Minimum off-street parking requirements create impervious surfaces. The impervious surfaces require on-site storm water management. The fact that so much land is used for parking and retention ponds requires the building itself to have a smaller footprint and go up rather than out. As soon as there’s a second story an elevator and multiple fire egress stairwells are required. Elevators are expensive so more apartments are required in order to amortize the cost over more units. In the end all such structures arrive at the same destination. It’s basically a Ramada Inn. Or a Khrushchyovka. Same same.
Here’s the adjacent highway. Is it walkable? Sort of. There are sidewalks. And people do walk here at times. Is it safe? Is it convenient? Is it pleasurable? Not so much. Is there transit here? Yes. A NJ Transit bus will roll by once in a blue moon. Will the bus get you to where you need to go? Eventually. Sometimes. But not really. I’ve used the buses here before. It’s not great. Could this landscape be transformed into a pedestrian paradise? Yes. Will it? No.
Across the highway is a collection of larger complexes. They’re constructed with funds from REITs (real estate investment trusts) that are similar to stocks and bonds. Lots of individual investors pool their money and receive a return on investment. Sometimes the same people who rent or buy these units also inadvertently own a tiny share of the parent organization via a 401K or other pension scheme. This is a capitalist creation that just happened to arrive at the same Soviet destination—although with nicer appliances and granite counter tops.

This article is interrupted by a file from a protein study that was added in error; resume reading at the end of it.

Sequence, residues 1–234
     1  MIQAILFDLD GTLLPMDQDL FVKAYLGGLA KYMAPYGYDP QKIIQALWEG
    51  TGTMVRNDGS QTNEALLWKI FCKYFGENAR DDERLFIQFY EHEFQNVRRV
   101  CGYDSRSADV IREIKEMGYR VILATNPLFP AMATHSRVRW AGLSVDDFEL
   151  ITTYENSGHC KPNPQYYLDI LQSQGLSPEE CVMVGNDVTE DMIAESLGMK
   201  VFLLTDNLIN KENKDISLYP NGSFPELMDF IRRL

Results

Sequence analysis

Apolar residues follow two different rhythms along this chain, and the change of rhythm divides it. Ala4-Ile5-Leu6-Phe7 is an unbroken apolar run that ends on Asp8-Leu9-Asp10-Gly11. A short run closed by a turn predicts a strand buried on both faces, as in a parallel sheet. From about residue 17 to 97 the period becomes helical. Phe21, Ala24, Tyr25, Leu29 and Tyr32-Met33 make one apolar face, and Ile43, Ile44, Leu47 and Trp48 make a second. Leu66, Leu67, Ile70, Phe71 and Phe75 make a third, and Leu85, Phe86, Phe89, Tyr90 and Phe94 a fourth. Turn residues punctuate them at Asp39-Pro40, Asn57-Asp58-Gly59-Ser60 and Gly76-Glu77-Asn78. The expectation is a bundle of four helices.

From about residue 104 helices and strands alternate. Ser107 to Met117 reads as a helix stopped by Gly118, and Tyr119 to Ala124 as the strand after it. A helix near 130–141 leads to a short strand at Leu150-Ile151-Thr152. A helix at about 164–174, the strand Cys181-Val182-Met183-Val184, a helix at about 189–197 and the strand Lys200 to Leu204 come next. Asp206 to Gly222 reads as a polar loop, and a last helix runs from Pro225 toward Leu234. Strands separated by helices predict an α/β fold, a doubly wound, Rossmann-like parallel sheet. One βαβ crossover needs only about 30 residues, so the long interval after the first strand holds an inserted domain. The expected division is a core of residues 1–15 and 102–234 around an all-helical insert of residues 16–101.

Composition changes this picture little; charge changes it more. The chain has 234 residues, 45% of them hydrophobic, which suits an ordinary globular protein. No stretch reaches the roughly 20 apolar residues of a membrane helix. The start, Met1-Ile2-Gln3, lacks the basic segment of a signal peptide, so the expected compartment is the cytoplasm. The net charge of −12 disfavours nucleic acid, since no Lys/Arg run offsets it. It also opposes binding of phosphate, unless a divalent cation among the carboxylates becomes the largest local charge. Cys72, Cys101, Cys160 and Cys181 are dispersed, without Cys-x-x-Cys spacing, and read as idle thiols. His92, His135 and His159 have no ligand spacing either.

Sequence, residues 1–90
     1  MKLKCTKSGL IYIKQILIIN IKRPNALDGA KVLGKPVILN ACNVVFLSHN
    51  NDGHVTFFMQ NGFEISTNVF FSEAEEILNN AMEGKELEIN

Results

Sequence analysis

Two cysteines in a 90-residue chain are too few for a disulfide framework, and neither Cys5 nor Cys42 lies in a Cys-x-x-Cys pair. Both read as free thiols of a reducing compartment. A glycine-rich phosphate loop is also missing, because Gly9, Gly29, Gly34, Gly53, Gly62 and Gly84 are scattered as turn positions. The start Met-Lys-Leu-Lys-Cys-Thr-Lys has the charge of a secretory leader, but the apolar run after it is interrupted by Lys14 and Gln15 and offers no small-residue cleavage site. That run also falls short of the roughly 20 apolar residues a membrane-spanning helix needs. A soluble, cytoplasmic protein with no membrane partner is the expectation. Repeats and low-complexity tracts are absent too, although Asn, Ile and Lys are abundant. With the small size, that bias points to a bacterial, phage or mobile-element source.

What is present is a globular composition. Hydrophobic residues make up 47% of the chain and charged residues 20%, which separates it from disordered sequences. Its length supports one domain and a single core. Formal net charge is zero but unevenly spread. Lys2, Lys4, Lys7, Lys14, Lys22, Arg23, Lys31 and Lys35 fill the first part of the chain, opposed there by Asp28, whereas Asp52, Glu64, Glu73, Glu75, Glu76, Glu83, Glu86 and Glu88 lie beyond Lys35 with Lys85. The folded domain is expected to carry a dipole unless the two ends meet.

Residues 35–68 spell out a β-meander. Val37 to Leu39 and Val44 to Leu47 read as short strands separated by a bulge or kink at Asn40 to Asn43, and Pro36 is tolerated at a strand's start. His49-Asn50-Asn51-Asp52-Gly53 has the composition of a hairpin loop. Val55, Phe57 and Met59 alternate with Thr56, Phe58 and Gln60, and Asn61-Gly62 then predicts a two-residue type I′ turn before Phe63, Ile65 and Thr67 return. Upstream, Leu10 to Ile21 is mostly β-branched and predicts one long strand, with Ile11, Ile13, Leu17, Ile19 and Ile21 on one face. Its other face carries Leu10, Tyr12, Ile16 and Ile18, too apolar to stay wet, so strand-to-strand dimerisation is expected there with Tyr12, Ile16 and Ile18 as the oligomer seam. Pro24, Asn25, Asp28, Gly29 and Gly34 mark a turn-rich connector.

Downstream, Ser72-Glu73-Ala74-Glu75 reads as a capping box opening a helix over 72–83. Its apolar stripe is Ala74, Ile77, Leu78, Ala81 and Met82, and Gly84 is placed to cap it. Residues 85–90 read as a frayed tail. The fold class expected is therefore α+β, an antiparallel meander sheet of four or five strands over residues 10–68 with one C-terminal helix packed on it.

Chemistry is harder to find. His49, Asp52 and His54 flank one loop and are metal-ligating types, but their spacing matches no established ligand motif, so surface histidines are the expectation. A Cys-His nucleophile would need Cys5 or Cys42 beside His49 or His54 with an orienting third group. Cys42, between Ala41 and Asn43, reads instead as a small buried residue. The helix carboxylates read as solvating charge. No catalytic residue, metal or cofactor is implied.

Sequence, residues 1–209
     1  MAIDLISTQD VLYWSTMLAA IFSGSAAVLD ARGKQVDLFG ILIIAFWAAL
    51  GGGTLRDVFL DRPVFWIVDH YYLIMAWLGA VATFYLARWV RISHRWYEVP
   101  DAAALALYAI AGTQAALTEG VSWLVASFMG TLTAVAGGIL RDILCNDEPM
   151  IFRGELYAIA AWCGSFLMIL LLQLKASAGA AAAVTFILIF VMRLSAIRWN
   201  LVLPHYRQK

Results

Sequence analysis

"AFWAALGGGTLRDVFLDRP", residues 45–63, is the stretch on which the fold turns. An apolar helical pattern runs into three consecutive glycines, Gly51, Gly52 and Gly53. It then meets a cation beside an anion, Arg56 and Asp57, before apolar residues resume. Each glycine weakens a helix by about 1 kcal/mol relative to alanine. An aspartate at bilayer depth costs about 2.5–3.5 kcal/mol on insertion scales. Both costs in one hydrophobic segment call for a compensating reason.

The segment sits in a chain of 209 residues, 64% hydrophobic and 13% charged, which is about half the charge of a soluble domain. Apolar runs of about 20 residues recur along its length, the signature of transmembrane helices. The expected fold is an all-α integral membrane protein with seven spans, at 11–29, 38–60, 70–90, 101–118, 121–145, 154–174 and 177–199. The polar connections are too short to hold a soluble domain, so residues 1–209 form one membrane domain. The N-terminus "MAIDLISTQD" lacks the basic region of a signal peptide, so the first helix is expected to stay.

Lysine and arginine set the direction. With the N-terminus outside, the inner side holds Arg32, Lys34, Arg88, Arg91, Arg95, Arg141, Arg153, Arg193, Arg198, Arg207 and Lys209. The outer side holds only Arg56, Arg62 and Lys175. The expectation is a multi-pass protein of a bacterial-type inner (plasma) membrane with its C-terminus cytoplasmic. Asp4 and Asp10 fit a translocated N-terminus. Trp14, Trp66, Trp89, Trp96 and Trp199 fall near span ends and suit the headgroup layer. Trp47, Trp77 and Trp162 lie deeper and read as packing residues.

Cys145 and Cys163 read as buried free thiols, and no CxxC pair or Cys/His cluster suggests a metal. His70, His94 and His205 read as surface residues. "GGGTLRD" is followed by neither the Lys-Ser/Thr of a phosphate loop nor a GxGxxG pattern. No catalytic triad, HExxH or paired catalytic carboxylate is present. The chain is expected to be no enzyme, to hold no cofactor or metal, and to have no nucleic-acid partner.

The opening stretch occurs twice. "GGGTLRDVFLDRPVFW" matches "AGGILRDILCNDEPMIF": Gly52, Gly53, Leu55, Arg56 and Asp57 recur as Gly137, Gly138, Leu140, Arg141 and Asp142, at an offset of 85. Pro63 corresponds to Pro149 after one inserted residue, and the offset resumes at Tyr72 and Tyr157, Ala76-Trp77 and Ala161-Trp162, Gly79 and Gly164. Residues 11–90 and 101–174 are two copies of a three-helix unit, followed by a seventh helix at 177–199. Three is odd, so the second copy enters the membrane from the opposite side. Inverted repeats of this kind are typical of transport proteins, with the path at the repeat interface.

And here’s what holds it all together. Ever widening highways are critical to the continued functionality of our dispersed development pattern. The more density we add to the suburban chassis the more cars and trips are required. But the more we spread out horizontally the more cars and trips are also required. Transit won’t solve this problem because the culture and existing land use pattern won’t support it. Uber and Lyft could reduce congestion, but only if each vehicle carries many more passengers at the same time. And the real long term limitation is the cost of maintaining the road network. Existing gas taxes and road tolls have been falling short for years.
In the end neither the New Urbanists nor the fans of traditional post World War II suburbia are going to get exactly what they want. The density is coming based on pure market demand and institutional imperatives. And so is more far flung hopscotch development out in the sticks. Some of these places are going to thrive. And some are going to devolve into slums. If I have a concern it’s less about architecture and land-use patterns and more about the overlapping hyper-complex institutions (both public and private) that are required to keep it all working. If any one of the underlying interlocking prerequisites fails the inhabitants of this landscape have very few options to fall back on.
John Sanphillippo is an amateur architecture buff with a passionate interest in where and how we all live and occupy the landscape. He blogs at Granola Shotgun, where this post originally appeared.
This post was updated to reflect an editing error, which has restored a missing second paragraph.